The newest version of the conspiracy theory regarding Chrysler dealerships circulating the WingNet is pretty awesome. I just love it when they go old school:
This puzzled us. Why would there be a significant and highly positive correlation between dealer survival and Clinton donors? Granted, that P-Value (0.125) isn’t enough to reject the null hypothesis at 95% confidence intervals (our null hypothesis being that the effect is due to random chance), but a 12.5% chance of a Type I error in rejecting a null hypothesis (false rejection of a true hypothesis) is at least eyebrow raising. Most statistians would not call this a “find” as 95% confidence intervals are the gold standard for this sort of work. Nevertheless, it seems clear that something is going on here. Specifically, the somewhat low probability that the Clinton data showing higher survivability of Clinton donors could result just from pure chance. But why not better significance with any of the other variables? Why this stand out?
Then we got to thinking. Steven Rattner, the Car Czar, is married to Maureen White, one-time national finance chairman of the Democratic National Committee. What does Maureen do now? From her website:
Maureen White is currently Chairman of the Board of Overseers of The International Rescue Committee (IRC), a member of the North American Advisory Board for the London School of Economics, and a National Finance Chair of the Hillary Clinton for President Campaign. (emphasis ours)
That website looks dated, but you get the idea.
Someone wake me when they figure out how Monica was involved.
*** Update ***
I suppose part of what makes this so funny to me is I just got done reading a puff piece on Clinton, which essentially said that big bad Bill is sweet William now, and I thought that maybe the Clinton scares were over.
*** Update #2 ***
Someone else has noticed the seamless transition from the original hypothesis to the new and improved Clinton conspiracy. Unfortunately for the conspiracy theorists, that someone is Nate Silver:
In spite of this, Singer reports that “there [is] a significant and highly positive correlation between dealer survival and Clinton donors”. Although she hedges her conclusion a bit later on, this is a fairly irresponsible sentence to have written. Most people, in looking at this same exact set of data, would not only have avoided the implication that it proves the dealergate hypothesis, but would probably have come to something of the opposite conclusion: it argues strongly against the dealergate hypothesis. After all, there is no positive relationship whatsoever in the data on Democratic, Republican, Obama or McCain donations — which until Singer’s analysis was posted approximately 10 hours ago — had been the focus of the dealergate hypothesis. In fact, in several cases — such as for the data on Republican donations — the coefficient has the opposite sign of the one that the purveyors of the dealergate hypothesis were hoping for. Republican donors were incrementally less, rather than more likely likely to have their dealerships shuttered, according to Singer’s analysis, although the pattern is nowhere in the ballpark of being “statistically significant” as most of us would define it.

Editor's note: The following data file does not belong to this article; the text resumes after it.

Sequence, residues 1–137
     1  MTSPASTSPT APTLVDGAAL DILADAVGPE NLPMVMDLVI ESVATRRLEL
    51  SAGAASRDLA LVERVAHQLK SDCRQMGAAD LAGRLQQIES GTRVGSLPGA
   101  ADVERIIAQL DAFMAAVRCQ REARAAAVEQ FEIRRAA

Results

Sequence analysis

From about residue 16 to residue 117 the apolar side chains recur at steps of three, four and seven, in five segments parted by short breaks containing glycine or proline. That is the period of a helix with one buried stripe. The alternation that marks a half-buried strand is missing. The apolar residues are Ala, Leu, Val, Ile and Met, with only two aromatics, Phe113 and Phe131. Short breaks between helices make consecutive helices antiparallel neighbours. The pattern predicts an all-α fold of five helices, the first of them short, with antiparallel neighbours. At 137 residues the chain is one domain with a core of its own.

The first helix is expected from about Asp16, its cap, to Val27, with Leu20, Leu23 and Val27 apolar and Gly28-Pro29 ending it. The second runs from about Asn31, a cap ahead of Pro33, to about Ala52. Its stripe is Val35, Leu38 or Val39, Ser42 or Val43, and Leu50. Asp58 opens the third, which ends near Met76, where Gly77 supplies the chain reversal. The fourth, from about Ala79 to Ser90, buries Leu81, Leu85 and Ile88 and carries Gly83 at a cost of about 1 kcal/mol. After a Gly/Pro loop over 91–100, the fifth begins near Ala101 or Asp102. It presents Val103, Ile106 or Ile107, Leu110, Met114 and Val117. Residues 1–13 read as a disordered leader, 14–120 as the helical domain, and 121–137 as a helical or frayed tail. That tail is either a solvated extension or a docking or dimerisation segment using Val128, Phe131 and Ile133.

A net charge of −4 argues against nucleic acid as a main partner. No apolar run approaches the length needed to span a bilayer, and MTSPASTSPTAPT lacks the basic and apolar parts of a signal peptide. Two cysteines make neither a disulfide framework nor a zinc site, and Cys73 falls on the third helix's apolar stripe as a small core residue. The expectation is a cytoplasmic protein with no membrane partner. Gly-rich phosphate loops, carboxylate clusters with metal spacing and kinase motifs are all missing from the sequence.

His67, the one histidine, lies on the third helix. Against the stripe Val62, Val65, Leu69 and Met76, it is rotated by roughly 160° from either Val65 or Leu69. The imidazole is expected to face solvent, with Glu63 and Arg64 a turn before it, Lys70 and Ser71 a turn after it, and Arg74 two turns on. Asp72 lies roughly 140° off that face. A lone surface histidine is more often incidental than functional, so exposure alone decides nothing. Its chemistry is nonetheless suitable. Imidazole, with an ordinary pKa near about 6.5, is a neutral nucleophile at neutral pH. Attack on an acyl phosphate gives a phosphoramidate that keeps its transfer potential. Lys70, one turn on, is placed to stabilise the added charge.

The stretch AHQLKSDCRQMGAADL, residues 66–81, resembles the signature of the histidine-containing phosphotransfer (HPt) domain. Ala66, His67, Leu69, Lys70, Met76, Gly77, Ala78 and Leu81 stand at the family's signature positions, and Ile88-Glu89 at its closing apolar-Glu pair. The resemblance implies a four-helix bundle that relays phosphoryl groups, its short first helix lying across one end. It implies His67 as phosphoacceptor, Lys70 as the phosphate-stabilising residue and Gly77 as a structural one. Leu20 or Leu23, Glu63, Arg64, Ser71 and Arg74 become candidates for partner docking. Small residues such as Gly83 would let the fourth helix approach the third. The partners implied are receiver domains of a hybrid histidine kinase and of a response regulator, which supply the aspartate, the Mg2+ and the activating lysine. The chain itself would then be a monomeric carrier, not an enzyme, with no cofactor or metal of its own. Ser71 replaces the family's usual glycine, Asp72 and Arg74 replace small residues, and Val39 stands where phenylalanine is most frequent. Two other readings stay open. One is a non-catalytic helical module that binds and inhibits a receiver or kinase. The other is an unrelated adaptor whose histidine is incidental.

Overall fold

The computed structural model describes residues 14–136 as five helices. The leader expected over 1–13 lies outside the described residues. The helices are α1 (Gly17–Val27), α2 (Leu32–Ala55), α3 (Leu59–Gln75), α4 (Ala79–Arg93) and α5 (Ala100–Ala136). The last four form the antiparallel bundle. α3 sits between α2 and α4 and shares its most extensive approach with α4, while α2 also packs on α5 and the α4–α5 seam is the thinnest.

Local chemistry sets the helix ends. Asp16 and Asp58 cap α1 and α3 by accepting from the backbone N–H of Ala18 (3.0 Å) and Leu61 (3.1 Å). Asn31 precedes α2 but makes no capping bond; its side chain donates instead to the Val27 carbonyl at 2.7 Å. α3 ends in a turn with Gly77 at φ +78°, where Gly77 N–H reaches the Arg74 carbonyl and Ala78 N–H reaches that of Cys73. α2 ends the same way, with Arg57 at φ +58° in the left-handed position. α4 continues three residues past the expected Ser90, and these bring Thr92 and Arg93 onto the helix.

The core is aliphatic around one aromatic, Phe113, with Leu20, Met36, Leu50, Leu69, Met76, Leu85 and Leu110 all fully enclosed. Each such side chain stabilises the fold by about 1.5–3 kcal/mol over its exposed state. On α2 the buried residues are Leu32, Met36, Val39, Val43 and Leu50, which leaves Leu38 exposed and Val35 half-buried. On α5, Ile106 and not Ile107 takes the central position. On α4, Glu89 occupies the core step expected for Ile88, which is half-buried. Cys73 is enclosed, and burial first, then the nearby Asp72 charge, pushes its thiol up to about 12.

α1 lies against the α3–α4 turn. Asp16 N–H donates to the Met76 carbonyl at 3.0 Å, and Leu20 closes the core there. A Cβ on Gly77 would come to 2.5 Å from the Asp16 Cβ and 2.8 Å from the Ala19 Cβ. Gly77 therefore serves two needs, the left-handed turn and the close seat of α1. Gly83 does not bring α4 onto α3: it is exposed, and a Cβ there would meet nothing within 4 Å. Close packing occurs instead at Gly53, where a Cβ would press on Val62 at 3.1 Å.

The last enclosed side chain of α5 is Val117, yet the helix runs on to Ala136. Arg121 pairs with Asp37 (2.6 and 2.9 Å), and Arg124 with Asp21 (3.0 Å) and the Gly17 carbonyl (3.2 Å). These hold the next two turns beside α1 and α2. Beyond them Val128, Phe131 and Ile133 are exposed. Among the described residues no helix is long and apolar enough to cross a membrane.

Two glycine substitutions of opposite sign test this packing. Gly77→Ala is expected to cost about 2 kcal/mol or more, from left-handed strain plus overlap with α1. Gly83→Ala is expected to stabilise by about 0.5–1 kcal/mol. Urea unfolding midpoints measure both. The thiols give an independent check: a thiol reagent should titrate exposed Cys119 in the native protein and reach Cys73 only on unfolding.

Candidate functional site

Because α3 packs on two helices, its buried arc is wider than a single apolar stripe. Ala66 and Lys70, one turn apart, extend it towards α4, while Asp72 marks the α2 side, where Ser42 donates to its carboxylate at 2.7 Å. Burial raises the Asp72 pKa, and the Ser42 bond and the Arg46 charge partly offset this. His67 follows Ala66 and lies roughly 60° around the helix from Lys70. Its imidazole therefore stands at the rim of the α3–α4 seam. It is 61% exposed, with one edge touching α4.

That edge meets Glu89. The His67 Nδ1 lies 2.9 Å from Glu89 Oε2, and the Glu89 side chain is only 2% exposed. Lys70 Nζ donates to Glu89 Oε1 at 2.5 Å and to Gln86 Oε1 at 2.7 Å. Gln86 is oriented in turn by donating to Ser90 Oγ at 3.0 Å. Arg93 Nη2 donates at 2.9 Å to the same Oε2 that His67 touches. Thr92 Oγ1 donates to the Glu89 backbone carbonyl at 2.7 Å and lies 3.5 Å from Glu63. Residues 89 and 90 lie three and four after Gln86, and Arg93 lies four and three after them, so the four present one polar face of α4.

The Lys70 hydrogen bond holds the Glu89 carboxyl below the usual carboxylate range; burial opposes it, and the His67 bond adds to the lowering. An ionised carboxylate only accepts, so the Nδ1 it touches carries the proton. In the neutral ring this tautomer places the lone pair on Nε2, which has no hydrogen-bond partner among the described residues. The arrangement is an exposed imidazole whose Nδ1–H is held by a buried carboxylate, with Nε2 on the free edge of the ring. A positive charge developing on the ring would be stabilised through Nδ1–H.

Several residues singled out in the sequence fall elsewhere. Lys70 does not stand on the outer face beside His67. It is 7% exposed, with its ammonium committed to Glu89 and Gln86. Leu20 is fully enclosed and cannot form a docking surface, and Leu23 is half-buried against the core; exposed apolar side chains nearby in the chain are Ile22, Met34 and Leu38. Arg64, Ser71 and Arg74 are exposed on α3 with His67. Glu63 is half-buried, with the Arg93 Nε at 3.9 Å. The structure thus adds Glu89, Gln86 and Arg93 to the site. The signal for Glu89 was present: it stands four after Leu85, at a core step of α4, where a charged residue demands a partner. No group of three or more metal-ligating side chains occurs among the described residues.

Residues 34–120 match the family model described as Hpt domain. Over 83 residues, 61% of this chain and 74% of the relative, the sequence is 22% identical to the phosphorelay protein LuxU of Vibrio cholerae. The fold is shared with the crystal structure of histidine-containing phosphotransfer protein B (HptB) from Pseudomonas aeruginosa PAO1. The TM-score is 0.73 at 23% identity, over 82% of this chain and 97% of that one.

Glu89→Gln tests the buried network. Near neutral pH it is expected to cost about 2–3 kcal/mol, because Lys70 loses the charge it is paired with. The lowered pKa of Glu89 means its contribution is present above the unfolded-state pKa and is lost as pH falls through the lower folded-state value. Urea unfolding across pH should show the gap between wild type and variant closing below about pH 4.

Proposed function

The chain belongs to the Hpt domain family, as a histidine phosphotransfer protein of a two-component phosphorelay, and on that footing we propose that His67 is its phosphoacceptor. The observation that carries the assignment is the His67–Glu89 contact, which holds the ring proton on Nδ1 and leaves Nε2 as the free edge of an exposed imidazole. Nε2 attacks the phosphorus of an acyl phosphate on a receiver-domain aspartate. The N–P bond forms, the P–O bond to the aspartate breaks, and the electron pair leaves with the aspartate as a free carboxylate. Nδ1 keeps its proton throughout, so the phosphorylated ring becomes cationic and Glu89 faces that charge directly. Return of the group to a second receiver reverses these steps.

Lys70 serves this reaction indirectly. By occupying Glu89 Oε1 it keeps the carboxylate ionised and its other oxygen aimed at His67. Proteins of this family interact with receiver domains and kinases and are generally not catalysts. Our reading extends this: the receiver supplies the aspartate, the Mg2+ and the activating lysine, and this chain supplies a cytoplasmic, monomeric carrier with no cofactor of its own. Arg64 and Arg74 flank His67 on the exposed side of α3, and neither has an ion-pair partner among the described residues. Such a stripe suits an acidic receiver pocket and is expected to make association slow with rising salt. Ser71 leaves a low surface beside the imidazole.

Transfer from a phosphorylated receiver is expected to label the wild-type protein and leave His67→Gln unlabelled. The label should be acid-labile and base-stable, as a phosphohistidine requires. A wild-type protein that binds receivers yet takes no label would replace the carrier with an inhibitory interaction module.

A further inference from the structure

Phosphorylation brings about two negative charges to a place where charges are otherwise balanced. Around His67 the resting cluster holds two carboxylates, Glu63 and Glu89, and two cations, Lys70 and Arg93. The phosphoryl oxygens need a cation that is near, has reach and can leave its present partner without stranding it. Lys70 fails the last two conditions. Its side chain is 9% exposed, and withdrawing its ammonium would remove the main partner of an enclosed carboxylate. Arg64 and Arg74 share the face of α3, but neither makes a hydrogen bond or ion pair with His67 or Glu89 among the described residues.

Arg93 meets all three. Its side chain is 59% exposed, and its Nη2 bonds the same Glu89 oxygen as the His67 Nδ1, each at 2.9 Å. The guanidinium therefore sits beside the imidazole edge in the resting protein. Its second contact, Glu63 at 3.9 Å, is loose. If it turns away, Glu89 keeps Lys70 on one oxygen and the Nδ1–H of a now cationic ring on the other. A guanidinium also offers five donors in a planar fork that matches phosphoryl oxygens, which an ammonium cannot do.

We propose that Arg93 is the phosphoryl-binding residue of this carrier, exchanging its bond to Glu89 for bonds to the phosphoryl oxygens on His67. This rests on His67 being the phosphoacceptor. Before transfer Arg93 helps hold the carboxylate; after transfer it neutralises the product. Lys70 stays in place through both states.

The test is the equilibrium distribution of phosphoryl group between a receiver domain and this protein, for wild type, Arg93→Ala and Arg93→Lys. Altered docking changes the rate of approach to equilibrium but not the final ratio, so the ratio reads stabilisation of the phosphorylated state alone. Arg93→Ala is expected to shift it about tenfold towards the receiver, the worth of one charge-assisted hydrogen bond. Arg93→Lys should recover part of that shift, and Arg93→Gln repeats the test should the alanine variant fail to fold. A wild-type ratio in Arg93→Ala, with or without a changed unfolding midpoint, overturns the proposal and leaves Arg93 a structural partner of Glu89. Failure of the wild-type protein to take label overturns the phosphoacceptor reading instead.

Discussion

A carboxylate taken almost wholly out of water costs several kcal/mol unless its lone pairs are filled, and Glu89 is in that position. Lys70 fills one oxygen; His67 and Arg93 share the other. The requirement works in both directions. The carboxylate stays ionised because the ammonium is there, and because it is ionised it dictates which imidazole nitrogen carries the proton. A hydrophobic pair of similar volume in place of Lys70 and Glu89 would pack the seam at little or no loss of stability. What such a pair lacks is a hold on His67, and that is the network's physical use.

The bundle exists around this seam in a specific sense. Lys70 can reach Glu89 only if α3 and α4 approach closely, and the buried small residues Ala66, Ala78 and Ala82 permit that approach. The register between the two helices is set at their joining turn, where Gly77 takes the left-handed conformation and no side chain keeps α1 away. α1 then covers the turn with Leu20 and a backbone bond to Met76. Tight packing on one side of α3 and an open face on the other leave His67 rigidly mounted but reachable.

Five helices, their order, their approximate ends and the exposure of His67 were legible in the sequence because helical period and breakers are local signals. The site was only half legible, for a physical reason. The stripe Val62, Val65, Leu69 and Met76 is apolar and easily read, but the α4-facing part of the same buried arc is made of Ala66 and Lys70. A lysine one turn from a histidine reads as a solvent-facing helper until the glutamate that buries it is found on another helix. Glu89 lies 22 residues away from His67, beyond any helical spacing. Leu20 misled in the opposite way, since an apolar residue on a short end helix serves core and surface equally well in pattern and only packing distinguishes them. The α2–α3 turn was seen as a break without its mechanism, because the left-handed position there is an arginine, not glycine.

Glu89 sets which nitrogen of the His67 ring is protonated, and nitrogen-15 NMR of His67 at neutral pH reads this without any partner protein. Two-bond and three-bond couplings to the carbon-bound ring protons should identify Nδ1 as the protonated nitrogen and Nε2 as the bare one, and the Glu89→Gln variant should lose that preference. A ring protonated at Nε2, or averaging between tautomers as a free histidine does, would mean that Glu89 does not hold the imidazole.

Predictably, this has not prevented people like Michelle Malkin and Doug Ross from claiming that Singer’s data confirms their hypothesis. Of course, it does not confirm their original hypothesis, which was that donors to Republican candidates were more likely to have their dealership closed. Instead, a new hypothesis has evolved — it’s all about those dirty, rotten Clintons! — the sole reed of evidence for which is Singer’s overstated conclusion (but not really her underlying data itself).***
Why, after all, stop at Clinton donors, who until this morning had never been central to the dealergate hypothesis? Why not look at John Edwards donors, or Ron Paul donors, or donations to any of various political action committees, or donations to members of the Senate Banking Committee, or donations to Congressmen who voted for the auto bailout plan? If you looked at enough of these, you would eventually come up with a few positive results — and then you could work backward to formulate your own conspiracy theory around it. There is a name for this sort of practice: data dredging.
At the end of the day, people are going to believe what they want to believe: some people believe that the moon landing was faked, that 9/11 was a grand conspiracy, and that Barack Obama was born in Indonesia. There is no evidence for any of these claims, but that doesn’t stop tens of millions of people from believing them! Dealergate, particularly in its original formulation (that Obama was punishing Republican donors with the Chrysler closings), is in largely the same category.
These folks are really just hopeless.